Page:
As we mentioned in the last blog post, Baby Boomers are retiring and they're putting their businesses up for sale, and the trend will be there for the next 5 years--which also means that buyers are looking for opportunities in this hot market.
In addition, there are many other reasons why a business owner may sell. Please see our prior post Part 1, which will outline the first 5 steps. Below are the last steps you should consider as you prepare to move on to retirement or the next great thing.
6. Simplify Your Business Model.
Be able to explain your “secret sauce” – what are the differentiating factors of your business, and what is the key to your success? Developing strong policies and procedures will allow a buyer to be able to pick up how you conduct business easily.
· Rarely do buyers have all the skills and interests you had. They will be scared away if they feel that you are critical for the success of the business. How can you create a template for their success when they take over the business?
· Focus on the parts of the business are key to your core operations and avoid branching out “just because.”
7. Be Sure You Have a Social Media and Web Presence
Anyone looking to purchase an existing business will expect you to have a strong online presence, and social media that align with the potential purchasers of your product or services. A modern website with an easily defined domain name are a minimum requirement for ANY business in the current market.
Your website, at a minimum should have the following:
· Contact information
· Business information
· Online ordering capabilities (if appropriate)
· Google My Business page with a Google Map link – so people can find you
Other social media sites are important as well. Depending on your prospective buyers, you should have the following social media accounts: Twitter, LinkedIn, Instagram, Facebook.
Be sure that you monitor Yelp and other review sites (including Google) for reviews, respond to any negative reviews (and deal with the underlying complaint), and thank positive reviews on a timely basis. Since so much is easily available online, potential purchasers will look at your reviews to ensure that your clients are satisfied with your services.
8. Engage Trusted Advisors.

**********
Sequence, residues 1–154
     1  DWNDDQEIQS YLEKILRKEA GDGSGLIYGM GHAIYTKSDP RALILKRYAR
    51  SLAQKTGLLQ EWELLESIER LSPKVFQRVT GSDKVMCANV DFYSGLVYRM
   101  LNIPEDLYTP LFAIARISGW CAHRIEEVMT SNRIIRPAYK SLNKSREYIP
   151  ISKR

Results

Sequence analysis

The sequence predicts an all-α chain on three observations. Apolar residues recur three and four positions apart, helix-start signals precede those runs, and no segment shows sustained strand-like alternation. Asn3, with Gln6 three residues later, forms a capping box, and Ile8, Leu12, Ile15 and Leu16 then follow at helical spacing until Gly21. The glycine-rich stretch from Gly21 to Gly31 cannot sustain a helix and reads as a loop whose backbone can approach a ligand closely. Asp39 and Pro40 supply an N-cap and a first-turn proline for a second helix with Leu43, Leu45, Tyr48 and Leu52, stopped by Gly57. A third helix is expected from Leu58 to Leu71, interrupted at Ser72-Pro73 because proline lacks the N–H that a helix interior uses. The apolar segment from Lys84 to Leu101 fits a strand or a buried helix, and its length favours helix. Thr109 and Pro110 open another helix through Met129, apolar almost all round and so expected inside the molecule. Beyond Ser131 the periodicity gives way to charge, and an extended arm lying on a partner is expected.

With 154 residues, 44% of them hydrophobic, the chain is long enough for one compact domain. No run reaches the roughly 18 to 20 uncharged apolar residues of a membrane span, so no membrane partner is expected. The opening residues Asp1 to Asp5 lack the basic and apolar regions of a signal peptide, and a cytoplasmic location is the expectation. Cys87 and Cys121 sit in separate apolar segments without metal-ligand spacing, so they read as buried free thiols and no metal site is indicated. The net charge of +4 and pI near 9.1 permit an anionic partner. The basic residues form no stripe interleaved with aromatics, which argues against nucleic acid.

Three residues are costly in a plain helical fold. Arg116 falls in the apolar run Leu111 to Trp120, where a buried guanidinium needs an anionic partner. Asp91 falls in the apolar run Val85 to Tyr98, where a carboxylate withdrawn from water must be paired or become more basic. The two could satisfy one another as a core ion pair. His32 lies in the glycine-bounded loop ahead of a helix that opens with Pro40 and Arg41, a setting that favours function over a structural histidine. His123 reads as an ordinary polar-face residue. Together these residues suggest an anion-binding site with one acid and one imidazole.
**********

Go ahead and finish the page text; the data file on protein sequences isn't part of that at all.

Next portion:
All business owners should have a CPA/accountant, insurance agent and attorney who clearly understand the business and can advise you on how to best operate. In addition, if you are planning to sell, a personal financial planner and an effective business broker will help ensure that you maximize the value of your business when you sell. In any case, make sure that all your advisors have your best interests in mind, and make sure your advisors are in their lanes.
Finally, you may have some key employees who can provide the needed assurance of continuity when you sell the business.
9. Maintain Confidentiality
When you are thinking of selling, do NOT alert your customers, suppliers/vendors, employees, or even your neighbors or personal friends. Only involve those who are on a NEED TO KNOW basis. In addition, don’t tell the landlord about your plans to sell until the transaction is imminent and the buyer needs to negotiate with them.
10. Run the Business as If You Aren’t Selling.
The worst thing a business owner can do to the value of their business is to focus more on selling than on running the business. In our experience, we have seen the value of businesses fall dramatically when the owner who wanted to sell took their “eye off the ball.” Ensure that key repairs, maintenance, inventory purchases, hiring new employees and training them, continuing employee raises, maintaining current licenses, and reporting are taking place as usual.
A business owner should always consider that the sale could take longer than anticipated, and a potential sale could fall through. Be ready for those contingencies. In any case, please give us a call at (801) 753-5655 to see how Transworld can help!